Counting the Cost – Econversation

You’ve heard the phrase to many times: Everything’s changed since 9/11. Well, there seems to be a more pertinent phrase that has somehow overshadowed the former one. It is, “Everything’s changed since the fall of Lehman Brothers.” This was the first economic domino to fall that began the one-after-another collapse and bailout conundrum that America (and the world) continues to struggle with.

During my lifetime, I have never seen so many HUGE numbers being bantered about to stabilize the U.S. and global economy (and a few domestic industries to boot — well, I take that back – the State of California bailout is peering over the horizon). Perhaps we are being instructed in a new way of counting. Consider the following from Professor Charles Handy of Harvard University:

“The first step is to measure whatever can be easily counted. This is OK as far as it goes. The second step is to disregard that which can’t be easily measured or to give it an arbitrary quantitative value. This is artificial and misleading. The third step is to presume that which can’t be measured easily really isn’t important. This is blindness. The fourth step is to say that which can’t be easily measured really doesn’t exist. This is suicide.”

The $700 Billion TARP program (somebody please tell me how they came up with that figure) seems to be the initial component of Professor Handy’s definition in terms of what can be easily counted (or so say Bernanke and Paulson). The auto industry bailout (or lack thereof) appears to be an example of the second dimension of Handy’s characterization: disregard that which can’t be easily measured or to give it an arbitrary quantitative value.

The third step is where it becomes terribly difficult: to presume that which can’t be measured easily really isn’t important.

Spurred on by the present state of triage required to address  the next form of economic contagion to reveal itself in the economic trauma center, we continue to crisis manage the next critical case that comes through the door on a gurney (sometimes delivered to the ER entrance in Congress via private corporate jet — although they drive hybrid vehicles to the post-op follow-up appointments).

Unfortunately, the TARP funds have yet to flow to main street central Oregon. The needs  of our region continue to be overlooked in state and congressional policy deliberations, by those duly empowered as part of the economic development policy apparatus. We remain suffering from the form of blindness that Professor Handy refers to. A vision for the future of economic development in our region is presently difficult to verbalize and/or tangibly quantify. That sure doesn’t mean it’s not important.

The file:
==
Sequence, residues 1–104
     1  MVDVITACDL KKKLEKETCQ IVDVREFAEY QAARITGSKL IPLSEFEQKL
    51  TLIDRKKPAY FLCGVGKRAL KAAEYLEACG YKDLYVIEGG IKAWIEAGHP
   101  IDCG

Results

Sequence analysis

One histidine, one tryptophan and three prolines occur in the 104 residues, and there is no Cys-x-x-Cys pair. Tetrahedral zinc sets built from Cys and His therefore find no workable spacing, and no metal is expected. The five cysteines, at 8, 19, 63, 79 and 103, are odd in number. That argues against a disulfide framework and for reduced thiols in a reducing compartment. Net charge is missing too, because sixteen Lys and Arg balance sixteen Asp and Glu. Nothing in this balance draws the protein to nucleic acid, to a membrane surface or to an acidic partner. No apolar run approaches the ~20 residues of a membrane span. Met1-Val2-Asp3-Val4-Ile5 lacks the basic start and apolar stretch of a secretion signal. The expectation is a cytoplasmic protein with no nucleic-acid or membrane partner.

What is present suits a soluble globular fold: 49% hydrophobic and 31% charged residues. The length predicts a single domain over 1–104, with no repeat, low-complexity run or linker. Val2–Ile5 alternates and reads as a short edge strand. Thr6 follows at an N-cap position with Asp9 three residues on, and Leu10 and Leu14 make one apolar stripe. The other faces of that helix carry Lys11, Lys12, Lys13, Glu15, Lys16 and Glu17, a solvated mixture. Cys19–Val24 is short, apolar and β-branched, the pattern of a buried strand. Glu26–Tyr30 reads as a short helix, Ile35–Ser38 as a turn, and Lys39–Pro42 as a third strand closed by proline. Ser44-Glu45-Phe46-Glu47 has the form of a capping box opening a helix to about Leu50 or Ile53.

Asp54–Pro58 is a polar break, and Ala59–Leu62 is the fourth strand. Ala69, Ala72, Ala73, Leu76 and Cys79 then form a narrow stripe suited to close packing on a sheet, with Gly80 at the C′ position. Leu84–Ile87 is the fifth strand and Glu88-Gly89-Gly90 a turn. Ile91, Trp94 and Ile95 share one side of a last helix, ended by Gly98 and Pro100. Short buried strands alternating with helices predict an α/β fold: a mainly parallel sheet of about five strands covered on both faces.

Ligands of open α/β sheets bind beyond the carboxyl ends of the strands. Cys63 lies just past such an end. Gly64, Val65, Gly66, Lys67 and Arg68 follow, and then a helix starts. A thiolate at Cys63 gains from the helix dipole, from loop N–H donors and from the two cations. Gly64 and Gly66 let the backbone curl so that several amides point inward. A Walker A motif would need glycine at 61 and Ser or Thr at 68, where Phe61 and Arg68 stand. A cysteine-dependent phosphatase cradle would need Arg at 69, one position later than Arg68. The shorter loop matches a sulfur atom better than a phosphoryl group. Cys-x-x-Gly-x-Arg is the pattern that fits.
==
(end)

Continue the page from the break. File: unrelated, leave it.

The final step, according to Handy is to assume the posture whereby ‘that which can’t be easily measured really doesn’t exist. This is suicide.” This is the nucleus of the matter, in my opinion. A quote from Machiavelli’s The Prince is pertinent here:

It ought to be remembered that there is nothing more difficult to take in hand, more perilous to conduct, or more uncertain in its success, than to take the lead in introducing a new order of things, because the innovator has for enemies all those who have done well under the old conditions, and lukewarm defenders in those who may do well under the new. This coolness arises partly from fear of the opponents — who have the laws on their side — and partly from the incredulity of men, who do not readily believe in new things until they have had a long experience of them.

Yes, it’s time for innovation. Yet, a form of innovation that is unfamiliar to most of us. A process of innovating that includes the heretofore excluded from participating in the development of a new economic future for our communities, our country and our globe. Perhaps, we might just start with our respective communities.

Last week the new elected City Councilors in the City of Bend sponsored a forum and invited the public to begin a conversation about the current state and future of economic development.  Perhaps it’s time that Redmond, Prineville, Sisters and Madras might consider the same in their respective communities. However, economic development innovation is not accomplished via one meeting. The opportunity to create an economic development vision within each of these respective communities, and this region, is a process.

Perhaps it’s time to begin to learn a new way of counting in regard to economic development in central Oregon. Inviting area residents into a public process to participate in forming an economic vision for their respective communities and this region may be a wonderful place to start. Imagine what the results of this equation might produce. Then again, what if we don’t innovate in our approach to developing an economic development vision, deliberately informed by input from area residents.? There’s an amazing result when public officials earnestly invite the public’s participation and imagination — treating people as if they truly count. The clock is ticking. Time has a way of reminding us to wake up and act. Perhaps it’s time to consider embarking on a deliberate process to innovate our way to new possibilities in the formation of an economic development strategy and vision that right now seems unimaginable — together. We’re responsible for creating what presently does not exist. You can count on that.

Regarding Reggie by Bill Dahl

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